Alternative Forms of Judicial Review
ONE DOES NOT have to read deeply in recent scholarship on the U.S. Constitution to find assertions to the effect that the U.S. constitutional system has been widely emulated in other nations.1 Those assertions are plainly wrong when they refer to the constitutional system in the large. As political scientist Robert Dahl shows, the U.S. system is unique among the world's twenty-two long-standing and stable democracies.2 Only somewhat more defensible is the assertion that the U.S. system of judicial review of statutes to determine whether they are consistent with constitutional limitations has been widely emulated. As the Canadian constitutional scholar Lorraine Weinrib has emphasized, there surely is a “post-war paradigm” of constitutionalism, a central feature of which is some form of judicial review.3 Yet, even here the U.S. system of judicial review is hardly the dominant model. The German Constitutional Court probably has been more influential around the world than the U.S. Supreme Court. Many nations have created specialized constitutional courts on the German model, rejecting the older U.S. system of having the nation's highest court for ordinary law also serve as the highest court for constitutional law.4 Few nations indeed guarantee judicial independence by conferring life tenure on their judges.
Here I focus on another, more recent development in systems of judicial review—the emergence of what I call weak-form judicial review. Understanding weak-form review's attractions requires a short detour into fundamentals of modern constitutionalism. Today, constitutionalism requires that a nation be committed to the proposition that a nation's people should determine the policies under which they will live, by some form of democratic governance.5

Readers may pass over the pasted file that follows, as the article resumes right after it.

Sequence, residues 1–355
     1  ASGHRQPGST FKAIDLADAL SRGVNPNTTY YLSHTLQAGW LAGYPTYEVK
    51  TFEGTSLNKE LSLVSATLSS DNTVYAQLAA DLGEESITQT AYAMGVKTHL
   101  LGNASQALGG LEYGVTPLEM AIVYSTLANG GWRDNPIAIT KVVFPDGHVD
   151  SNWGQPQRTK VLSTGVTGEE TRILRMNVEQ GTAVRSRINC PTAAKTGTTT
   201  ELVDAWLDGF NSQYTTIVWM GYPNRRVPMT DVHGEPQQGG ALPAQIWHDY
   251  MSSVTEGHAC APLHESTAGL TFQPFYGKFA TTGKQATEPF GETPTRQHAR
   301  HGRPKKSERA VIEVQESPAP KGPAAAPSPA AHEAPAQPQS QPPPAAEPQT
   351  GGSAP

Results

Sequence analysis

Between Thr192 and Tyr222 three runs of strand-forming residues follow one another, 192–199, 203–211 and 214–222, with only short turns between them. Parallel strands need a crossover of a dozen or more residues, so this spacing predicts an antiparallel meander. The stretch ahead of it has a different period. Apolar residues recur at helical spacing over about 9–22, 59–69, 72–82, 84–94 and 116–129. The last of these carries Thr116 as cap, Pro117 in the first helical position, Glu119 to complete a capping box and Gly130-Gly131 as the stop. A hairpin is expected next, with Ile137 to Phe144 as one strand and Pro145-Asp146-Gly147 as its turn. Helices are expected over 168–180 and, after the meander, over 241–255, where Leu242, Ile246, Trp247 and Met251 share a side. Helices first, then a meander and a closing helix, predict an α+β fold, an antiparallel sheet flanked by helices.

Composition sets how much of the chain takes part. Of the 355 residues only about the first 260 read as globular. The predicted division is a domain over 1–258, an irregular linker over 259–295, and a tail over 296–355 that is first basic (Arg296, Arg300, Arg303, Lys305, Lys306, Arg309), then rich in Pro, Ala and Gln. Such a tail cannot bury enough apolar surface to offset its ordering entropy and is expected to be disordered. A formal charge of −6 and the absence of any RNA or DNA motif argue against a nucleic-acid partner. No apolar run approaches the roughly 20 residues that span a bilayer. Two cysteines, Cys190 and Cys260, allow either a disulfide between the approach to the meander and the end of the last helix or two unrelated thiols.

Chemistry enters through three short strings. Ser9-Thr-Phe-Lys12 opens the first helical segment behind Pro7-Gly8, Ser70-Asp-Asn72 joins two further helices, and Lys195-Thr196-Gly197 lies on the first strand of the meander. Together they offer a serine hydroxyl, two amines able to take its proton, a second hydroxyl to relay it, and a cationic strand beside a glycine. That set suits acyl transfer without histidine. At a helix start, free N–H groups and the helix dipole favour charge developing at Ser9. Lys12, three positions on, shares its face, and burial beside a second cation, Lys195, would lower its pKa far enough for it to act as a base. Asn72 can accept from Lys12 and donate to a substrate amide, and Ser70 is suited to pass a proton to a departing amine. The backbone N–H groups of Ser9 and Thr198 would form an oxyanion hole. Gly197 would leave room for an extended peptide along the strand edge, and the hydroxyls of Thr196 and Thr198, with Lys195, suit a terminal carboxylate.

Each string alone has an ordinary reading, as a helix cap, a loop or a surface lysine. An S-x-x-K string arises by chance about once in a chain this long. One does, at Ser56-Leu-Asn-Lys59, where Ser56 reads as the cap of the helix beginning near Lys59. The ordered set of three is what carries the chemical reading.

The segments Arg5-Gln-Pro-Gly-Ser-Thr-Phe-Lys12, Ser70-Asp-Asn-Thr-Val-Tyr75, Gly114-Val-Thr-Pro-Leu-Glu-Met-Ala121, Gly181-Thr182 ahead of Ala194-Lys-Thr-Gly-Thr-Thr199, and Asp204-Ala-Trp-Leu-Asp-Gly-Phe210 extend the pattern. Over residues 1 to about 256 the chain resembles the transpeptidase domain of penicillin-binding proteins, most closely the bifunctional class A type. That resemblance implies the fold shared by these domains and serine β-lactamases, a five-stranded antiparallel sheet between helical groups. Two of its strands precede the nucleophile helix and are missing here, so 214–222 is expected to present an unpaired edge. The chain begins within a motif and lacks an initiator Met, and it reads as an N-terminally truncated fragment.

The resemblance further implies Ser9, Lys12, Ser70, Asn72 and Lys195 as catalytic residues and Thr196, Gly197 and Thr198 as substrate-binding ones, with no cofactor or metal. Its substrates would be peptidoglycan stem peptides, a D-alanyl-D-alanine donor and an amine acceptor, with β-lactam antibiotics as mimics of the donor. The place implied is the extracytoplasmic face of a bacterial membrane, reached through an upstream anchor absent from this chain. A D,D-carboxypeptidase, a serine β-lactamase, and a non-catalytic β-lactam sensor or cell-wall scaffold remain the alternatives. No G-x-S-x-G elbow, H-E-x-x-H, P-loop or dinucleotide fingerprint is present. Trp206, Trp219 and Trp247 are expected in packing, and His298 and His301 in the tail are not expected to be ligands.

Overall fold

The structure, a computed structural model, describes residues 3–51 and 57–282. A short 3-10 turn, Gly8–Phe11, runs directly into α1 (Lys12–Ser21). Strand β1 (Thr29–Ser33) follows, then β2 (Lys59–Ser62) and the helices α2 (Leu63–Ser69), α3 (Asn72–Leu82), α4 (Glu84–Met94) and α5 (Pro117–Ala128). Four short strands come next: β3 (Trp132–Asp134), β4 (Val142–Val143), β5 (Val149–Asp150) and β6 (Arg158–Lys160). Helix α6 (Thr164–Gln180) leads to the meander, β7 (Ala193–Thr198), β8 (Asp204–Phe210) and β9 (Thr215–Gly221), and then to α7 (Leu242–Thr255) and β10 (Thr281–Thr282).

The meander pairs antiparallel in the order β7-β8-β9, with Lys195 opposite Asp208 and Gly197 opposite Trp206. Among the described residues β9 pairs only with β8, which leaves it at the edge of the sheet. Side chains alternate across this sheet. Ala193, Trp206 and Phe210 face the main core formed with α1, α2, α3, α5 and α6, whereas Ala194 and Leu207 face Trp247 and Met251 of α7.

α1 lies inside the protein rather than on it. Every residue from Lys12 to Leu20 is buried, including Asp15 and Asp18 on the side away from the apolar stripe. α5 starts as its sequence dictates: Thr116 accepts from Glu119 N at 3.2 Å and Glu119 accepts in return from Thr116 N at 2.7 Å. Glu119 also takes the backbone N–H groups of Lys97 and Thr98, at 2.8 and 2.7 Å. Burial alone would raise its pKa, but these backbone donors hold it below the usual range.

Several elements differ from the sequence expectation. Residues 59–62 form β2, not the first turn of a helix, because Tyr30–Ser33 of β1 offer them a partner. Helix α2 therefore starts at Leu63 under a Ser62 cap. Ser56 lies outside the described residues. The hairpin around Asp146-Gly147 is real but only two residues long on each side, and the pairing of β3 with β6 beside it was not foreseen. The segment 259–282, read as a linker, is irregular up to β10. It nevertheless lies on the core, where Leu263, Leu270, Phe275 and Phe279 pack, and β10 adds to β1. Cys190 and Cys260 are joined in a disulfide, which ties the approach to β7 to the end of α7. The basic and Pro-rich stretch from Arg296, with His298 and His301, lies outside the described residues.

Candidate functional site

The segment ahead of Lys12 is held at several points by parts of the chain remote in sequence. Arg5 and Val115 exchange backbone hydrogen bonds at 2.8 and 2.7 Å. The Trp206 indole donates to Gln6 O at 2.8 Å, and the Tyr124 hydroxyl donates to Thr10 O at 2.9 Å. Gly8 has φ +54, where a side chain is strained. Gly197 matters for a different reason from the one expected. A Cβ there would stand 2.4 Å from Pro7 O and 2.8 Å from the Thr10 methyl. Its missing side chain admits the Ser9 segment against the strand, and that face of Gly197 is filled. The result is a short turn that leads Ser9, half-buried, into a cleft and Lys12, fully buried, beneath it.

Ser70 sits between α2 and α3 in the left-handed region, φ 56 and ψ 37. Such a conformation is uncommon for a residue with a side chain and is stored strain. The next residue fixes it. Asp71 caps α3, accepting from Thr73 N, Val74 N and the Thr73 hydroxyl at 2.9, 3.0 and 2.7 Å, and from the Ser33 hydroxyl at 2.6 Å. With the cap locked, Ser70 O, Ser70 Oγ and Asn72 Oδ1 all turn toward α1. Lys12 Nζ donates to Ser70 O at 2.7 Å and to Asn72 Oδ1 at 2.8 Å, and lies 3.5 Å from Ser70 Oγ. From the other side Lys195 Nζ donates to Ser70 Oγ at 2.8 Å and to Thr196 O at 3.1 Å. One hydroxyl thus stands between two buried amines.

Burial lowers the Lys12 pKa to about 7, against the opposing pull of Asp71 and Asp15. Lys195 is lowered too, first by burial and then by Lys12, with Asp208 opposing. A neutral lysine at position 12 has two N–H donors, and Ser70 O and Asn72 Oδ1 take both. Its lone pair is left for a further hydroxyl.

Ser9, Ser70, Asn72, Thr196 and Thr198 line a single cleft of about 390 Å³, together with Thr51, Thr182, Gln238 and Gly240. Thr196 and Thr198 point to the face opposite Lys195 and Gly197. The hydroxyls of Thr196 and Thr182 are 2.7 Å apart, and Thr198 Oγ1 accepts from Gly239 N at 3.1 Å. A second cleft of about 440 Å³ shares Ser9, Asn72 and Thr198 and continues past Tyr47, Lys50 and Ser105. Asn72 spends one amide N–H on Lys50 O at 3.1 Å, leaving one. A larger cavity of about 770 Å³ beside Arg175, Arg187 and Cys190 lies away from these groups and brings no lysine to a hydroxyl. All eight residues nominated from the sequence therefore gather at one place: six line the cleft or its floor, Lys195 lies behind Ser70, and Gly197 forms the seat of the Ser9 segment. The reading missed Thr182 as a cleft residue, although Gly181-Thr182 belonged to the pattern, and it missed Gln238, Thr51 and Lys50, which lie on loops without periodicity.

1 For a representative example, see Lawrence G. Sager, Justice in Plainclothes: A Theory of
American Constitutional Practice 3–4 (2004) (“Our constitutional practice is increasingly the
object of admiration and emulation.”).
2 Robert Dahl, How Democratic Is the Constitution? (2001), ch. 3.
3 Lorraine Eisenstat Weinrib, “The Postwar Paradigm and American Exceptionalism,” in The
Migration of Constitutional Ideas (Sujit Choudhry ed., 2006).
4 Hans Kelsen, the jurisprude and constitutional scholar who designed and then served on the
first Austrian constitutional court, argued that a specialized constitutional court would better
understand the political component of constitutional law than would judges who dealt with ordi-
nary (and in Kelsen's view, largely nonpolitical) law.
5 As John Rawls and others have pointed out, nondemocratic, nonauthoritarian constitution-
alism is a conceptual possibility, but not, I believe, a practical one under contemporary circum-
stances. For Rawls's presentation, see John Rawls, The Law of Peoples (1999).